Should I, after tea and cakes and ices,
Have the strength to force the moment to its crisis?
But though I have wept and fasted, wept and prayed,
Though I have seen my head (grown slightly bald) brought in upon a platter,
I am no prophet–and here's no great matter;
I have seen the moment of my greatness flicker,
And I have seen the eternal Footman hold my coat, and snicker,
And in short, I was afraid.
– from The Love Song of J Alfred Prufrock, T.S. Eliot
On one side, we have the ubiquitous cultural and ethical prompts of news media, institutional education, religious dogma. To counter that we have art. It's a battle, one which seems loaded against the little guy.
Research published this week by Ohio State University throws some interesting data into a friction between the demands of society and the responsibilities of art that has, as far as we can tell, been grating along for as long as there have been human beings around to be chafed by it. Structural anthropologists of the Levi-Strauss tradition observe the differing functions of priest and shaman, holding that the former's role is an in-community mediator between temporal and divine power; the latter as an outside force, distinct from the community it serves and by necessity excluded from it.
Post-structuralist art critics, writers, and other folk with too much time and nagging minds have long since shoehorned those characteristics of shaman and priest to fit the prevailing characteristics of their society and time. That art and artists should in some way mirror the role of excluded shaman is, in some form or other, in some vocabulary or other, a recurrent proposition. But then we have the more muscular ideology of, amongs others, Bertolt Brecht: 'Art is not a mirror to hold up to society, but a hammer with which to shape it.'
The Ohio State research though, develops the point that, while reading a fictional story, readers found themselves: 'feeling the emotions, thoughts, beliefs and internal responses of one of the characters as if they were their own'. So far, so normal. What they found that was of genuine interest, and of direct relevance to the whole conundrum of whether art should merely reflect society or influence it, was that the phenomenon of identifying with a fictional character – termed 'experience-taking', could influence the subsequent behaviour of the readers.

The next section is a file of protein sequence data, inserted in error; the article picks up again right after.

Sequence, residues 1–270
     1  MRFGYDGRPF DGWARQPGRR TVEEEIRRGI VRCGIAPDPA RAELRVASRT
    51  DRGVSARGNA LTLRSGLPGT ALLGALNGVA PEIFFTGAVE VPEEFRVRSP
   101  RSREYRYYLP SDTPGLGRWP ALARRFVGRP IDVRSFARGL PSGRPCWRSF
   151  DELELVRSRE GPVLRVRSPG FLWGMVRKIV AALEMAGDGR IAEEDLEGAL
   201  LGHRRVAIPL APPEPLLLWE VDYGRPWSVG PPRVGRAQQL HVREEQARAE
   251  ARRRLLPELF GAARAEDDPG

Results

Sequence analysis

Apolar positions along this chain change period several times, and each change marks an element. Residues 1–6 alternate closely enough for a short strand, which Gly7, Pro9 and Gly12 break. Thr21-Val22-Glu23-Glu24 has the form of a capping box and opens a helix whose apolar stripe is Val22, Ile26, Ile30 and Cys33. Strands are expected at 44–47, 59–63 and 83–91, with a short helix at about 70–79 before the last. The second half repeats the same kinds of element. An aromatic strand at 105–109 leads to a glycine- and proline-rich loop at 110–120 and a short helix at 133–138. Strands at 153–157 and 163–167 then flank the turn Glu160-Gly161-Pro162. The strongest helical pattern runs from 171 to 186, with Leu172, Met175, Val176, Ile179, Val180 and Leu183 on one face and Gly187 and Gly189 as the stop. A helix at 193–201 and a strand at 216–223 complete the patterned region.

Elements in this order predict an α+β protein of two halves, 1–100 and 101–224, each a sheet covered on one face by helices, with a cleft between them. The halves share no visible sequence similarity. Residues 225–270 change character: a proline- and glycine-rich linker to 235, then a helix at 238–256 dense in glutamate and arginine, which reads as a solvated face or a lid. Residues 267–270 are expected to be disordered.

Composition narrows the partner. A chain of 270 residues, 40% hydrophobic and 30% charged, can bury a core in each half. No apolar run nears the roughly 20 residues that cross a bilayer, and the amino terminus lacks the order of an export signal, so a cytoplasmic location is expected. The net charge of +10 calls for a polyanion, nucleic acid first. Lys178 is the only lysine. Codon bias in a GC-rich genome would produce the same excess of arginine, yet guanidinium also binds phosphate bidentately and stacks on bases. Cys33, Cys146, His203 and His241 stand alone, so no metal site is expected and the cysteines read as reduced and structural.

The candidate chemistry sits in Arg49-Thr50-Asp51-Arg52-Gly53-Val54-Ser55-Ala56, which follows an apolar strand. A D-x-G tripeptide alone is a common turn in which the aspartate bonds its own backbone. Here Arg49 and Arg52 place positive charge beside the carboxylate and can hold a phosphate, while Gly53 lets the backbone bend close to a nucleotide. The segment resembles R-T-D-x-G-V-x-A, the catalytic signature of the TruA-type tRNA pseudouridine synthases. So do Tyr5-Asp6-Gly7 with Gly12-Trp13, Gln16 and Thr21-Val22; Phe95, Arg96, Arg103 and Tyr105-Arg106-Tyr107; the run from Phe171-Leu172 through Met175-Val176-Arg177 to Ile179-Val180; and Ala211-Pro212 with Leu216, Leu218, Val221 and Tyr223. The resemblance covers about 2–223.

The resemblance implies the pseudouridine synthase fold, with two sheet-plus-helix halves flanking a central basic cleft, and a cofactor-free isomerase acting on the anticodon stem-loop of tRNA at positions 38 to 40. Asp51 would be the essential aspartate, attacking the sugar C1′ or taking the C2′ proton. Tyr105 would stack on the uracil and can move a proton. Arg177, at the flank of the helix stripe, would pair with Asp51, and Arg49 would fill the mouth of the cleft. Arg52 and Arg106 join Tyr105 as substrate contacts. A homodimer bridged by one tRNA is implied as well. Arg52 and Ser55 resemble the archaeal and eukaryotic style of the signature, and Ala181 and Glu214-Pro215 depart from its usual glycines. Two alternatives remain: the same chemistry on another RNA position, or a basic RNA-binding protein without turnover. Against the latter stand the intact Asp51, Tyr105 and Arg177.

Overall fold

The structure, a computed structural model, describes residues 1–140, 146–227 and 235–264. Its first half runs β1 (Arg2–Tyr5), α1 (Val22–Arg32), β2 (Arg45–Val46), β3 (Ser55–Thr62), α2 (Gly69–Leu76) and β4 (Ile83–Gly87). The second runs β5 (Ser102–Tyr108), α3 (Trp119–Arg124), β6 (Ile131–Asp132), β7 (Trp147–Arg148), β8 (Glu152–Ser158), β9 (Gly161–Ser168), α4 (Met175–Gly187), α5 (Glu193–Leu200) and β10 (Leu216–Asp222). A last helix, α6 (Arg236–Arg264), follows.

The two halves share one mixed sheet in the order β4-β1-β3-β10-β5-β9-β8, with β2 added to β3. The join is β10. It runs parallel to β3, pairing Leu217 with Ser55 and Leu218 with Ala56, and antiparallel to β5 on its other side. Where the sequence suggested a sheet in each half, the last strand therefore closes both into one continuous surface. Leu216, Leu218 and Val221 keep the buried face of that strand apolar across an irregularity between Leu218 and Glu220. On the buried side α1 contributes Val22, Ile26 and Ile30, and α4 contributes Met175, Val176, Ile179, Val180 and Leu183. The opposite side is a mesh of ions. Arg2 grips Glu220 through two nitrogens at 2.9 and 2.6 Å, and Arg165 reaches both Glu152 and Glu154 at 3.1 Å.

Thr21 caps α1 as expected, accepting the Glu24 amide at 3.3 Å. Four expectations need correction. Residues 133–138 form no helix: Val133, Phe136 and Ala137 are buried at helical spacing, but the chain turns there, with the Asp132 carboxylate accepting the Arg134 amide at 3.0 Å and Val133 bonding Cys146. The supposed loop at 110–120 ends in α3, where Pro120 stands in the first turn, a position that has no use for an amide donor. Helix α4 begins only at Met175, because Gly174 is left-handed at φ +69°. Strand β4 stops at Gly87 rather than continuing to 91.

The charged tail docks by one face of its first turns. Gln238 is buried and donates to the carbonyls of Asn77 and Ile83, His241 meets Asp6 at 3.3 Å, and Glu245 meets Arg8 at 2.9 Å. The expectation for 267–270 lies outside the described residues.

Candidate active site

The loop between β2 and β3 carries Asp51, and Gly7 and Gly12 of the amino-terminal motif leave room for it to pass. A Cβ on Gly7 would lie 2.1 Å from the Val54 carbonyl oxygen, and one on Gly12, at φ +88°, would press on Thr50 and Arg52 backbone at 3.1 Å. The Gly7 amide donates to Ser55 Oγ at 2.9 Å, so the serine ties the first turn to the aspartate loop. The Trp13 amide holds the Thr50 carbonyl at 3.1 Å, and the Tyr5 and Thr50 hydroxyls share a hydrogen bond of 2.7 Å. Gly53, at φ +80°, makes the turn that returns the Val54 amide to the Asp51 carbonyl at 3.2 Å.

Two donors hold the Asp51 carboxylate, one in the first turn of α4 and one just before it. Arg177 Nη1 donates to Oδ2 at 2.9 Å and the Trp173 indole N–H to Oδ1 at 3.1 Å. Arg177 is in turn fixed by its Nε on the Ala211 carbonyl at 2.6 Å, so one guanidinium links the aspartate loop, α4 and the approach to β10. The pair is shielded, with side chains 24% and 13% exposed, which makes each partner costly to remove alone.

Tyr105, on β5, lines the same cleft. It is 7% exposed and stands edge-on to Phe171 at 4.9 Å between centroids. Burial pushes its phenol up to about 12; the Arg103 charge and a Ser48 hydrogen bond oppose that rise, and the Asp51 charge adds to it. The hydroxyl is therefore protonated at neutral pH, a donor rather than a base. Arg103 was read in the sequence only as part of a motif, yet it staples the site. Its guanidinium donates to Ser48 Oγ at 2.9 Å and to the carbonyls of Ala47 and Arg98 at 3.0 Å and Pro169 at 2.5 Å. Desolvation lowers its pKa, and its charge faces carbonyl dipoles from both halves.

Readers who identified with a character who overcame difficulties in order to vote, were more likely to vote in a real election which occurred days after the study. Readers showed more favourable attitudes towards those of different racial groups or sexual orientation after identifying with characters of those groups.
it happened more frequently when the subjects read in a cubicle with a mirror
"Experience-taking changes us by allowing us to merge our own lives with those of the characters we read about, which can lead to good outcomes," said Geoff Kaufman, who led the study as a graduate student at Ohio State. “Experience-taking doesn't happen all the time. It only occurs when people are able, in a sense, to forget about themselves and their own self-concept and self-identity while reading”. Interestingly, it happened more frequently when the subjects read in a cubicle with a mirror (so do please avoid reading slash-fiction in your bathroom).
In one experiment, 70 male, heterosexual college students read a story about a day in the life of another student. There were three versions – one in which the character was revealed to be gay early in the story, one in which the student was identified as gay late in the story, and one in which the character was heterosexual. The precis of the study is revealing:
'Those who read the gay-late narrative reported significantly more favorable attitudes toward homosexuals after reading the story than did readers of both the gay-early narrative and the heterosexual narrative.
Those who read the gay-late narrative also relied less on stereotypes of homosexuals – they rated the gay character as less feminine and less emotional than did the readers of the gay-early story.
If people identified with the character before they knew he was gay, if they went through experience-taking, they had more positive views – the readers accepted that this character was like them.”
How long the effects of the identification lasted wasn't addressed in the study. Similar results were recorded when the protagonist of the narrative was portrayed as black.
One significant feature of the study results, and the main reason why this news story appears in an arts-focused publication like Trebuchet, is that the artistic aspect of the narrative given to the participants was significant to the outcome. Kaufman's research points out that experience-taking is different from perspective-taking, where people try to understand what another person is going though in a particular situation – but without losing sight of their own identity. It works for art, not news.
And that is significant. Because although the quantity of news media we experience far outweighs our experience of artistic expression, the latter seems more capable of influencing our attitudes. Or to put it in the idiom of the artist – of touching our souls.
Ohio State University
Journal of Personality and Social Psychology